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Smoking right after waking up raises cancer risk

By  ,  Onlymyhealth editorial team
Apr 01, 2013
4.8 / 5(4 Ratings)
Quick Bites

  • Smoking immediately after waking up in the morning increases the risk of developing lung or oral cancer.
  • Smokers who smoke cigarettes immediately after waking have higher levels of NNAL.
  • NNAL level is highest among people who smoke the soonest upon waking.
  • NNAL levels are stable in smokers over time.

 

 

More

Smoking a cigarette immediately after waking up in the morning may increase the risk of developing lung or oral cancer, a study has warned.

 

smoking right after waking up

 


“We found that smokers who smoke cigarettes immediately after waking have higher levels of NNAL — a metabolite of the tobacco specific carcinogen NNK — in their blood than smokers who refrain from smoking a half hour or more after waking, regardless of how many cigarettes they smoke per day,” said Steven Branstetter, assistant professor of biobehavioural health in Pennsylvania State University.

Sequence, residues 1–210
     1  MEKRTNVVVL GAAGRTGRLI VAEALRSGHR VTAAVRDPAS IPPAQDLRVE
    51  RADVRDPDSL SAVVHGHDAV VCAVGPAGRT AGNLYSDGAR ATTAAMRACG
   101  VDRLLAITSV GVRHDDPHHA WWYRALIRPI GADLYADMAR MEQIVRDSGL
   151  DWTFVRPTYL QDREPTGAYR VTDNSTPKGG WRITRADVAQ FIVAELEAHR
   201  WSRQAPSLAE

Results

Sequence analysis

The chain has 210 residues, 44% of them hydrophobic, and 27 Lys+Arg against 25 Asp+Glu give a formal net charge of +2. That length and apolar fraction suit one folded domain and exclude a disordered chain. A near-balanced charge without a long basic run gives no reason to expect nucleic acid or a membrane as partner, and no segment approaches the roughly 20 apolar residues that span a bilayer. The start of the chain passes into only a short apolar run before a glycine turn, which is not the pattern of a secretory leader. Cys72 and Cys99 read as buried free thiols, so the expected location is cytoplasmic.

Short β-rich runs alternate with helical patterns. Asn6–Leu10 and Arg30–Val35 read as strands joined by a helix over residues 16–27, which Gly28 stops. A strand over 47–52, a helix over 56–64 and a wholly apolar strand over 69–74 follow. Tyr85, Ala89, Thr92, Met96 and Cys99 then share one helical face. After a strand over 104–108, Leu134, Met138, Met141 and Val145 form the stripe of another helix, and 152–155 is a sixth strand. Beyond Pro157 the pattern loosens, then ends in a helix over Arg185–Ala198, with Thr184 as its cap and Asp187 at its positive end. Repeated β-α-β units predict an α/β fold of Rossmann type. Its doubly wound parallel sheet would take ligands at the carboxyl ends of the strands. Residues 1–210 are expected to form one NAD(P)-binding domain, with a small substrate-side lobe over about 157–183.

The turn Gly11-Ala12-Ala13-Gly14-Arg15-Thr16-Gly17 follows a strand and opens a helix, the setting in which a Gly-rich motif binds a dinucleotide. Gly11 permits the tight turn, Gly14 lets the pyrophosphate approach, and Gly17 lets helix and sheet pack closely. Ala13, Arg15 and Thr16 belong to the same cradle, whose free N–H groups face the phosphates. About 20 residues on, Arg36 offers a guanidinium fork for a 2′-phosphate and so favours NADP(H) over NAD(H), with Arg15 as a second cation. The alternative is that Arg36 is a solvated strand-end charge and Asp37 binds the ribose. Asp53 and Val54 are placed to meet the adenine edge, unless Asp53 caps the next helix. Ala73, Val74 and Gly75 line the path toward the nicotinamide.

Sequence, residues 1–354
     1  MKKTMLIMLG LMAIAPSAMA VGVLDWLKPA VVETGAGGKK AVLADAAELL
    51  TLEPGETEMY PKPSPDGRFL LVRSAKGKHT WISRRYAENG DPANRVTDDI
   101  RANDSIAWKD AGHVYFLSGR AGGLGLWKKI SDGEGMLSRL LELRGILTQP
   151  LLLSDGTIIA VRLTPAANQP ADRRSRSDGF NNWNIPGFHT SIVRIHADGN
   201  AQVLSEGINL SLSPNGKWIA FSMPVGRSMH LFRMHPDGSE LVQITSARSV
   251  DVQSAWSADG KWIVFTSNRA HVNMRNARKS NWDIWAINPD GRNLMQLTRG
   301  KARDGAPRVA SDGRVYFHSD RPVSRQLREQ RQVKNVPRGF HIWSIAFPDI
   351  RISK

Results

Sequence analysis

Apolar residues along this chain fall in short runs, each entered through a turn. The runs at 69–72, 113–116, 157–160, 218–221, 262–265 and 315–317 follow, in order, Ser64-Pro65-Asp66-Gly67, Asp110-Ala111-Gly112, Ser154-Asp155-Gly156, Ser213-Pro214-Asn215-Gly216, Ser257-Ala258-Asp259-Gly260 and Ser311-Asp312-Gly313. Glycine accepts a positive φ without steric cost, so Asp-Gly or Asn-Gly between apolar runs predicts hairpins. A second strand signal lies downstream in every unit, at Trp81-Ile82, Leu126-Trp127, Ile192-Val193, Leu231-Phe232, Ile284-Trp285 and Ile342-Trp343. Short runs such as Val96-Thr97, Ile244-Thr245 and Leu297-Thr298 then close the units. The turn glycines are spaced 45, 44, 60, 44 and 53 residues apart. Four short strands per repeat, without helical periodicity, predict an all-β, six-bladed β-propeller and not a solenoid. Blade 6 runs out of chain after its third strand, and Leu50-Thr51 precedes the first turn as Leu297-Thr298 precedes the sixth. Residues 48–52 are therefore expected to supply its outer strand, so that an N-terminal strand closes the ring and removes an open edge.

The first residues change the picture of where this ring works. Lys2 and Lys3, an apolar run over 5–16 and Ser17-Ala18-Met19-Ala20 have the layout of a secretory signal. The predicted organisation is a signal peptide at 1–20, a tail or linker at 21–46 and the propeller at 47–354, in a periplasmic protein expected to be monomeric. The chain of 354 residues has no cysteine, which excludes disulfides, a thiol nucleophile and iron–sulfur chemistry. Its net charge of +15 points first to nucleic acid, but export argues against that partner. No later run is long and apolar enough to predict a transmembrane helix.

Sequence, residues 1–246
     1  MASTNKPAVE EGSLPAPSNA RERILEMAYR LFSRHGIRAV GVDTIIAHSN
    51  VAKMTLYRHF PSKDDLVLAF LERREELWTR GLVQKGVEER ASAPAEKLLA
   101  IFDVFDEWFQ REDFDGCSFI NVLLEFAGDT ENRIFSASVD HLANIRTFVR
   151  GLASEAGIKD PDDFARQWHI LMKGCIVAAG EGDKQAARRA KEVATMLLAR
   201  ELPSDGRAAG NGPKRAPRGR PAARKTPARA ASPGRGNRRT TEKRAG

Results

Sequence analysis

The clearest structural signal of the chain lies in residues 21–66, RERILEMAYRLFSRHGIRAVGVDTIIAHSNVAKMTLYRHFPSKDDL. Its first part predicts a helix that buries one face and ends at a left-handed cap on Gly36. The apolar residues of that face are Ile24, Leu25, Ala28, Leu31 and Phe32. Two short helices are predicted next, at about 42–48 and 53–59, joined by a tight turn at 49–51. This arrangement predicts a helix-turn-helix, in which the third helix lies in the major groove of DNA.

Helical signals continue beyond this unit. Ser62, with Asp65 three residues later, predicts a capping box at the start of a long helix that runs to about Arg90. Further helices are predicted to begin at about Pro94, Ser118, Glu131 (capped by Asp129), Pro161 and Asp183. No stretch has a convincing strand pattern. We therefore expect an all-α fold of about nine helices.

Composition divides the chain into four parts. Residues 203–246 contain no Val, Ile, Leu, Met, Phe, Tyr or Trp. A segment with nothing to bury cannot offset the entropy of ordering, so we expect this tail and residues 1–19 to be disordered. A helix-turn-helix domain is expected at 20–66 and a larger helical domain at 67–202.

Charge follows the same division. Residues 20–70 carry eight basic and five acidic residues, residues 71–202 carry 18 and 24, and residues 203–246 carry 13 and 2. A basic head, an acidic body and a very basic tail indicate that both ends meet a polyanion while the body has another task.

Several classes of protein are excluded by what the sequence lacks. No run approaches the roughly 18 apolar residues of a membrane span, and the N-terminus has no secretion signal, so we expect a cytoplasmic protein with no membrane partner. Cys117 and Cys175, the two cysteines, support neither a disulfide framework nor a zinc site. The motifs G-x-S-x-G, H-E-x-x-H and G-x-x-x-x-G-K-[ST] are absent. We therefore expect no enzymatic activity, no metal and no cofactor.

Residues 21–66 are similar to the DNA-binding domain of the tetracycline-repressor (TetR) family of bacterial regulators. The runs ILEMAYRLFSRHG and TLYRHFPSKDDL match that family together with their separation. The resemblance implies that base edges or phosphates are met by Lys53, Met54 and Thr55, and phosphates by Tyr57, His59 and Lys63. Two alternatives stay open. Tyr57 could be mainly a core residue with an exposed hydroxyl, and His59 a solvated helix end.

According to Branstetter, other research has shown that NNK induces lung tumours in several rodent species. Levels of NNAL in the blood can therefore predict lung cancer risk in rodents as well as in humans. In addition, NNAL levels are stable in smokers over time, and a single measurement can accurately reflect an individual’s exposure.

Branstetter and his colleague Joshua Muscat, professor of public health sciences, examined data on 1,945 smoking adult participants from the National Health and Nutrition Examination Survey who had provided urine samples for analysis of NNAL. These participants also had provided information about their smoking behaviour, including how soon they typically smoked after waking.

 



The researchers found that around 32% of the participants they examined smoked their first cigarette of the day within 5 minutes of waking; 31% smoked within 6 to 30 minutes of waking; 18% smoked within 31 to 60 minutes of waking; and 19% smoked more than one hour after waking.

In addition, the researchers found that the NNAL level in the participants’ blood was correlated with the participants’ age, the age they started smoking and their gender. “Most importantly, we found that NNAL level was highest among people who smoked the soonest upon waking, regardless of the frequency of smoking and other factors that predict NNAL concentrations,” Branstetter said. 

“People who smoke sooner after waking inhale more deeply and more thoroughly, which could explain the higher levels of NNAL in their blood.”

 

 

Image: Getty


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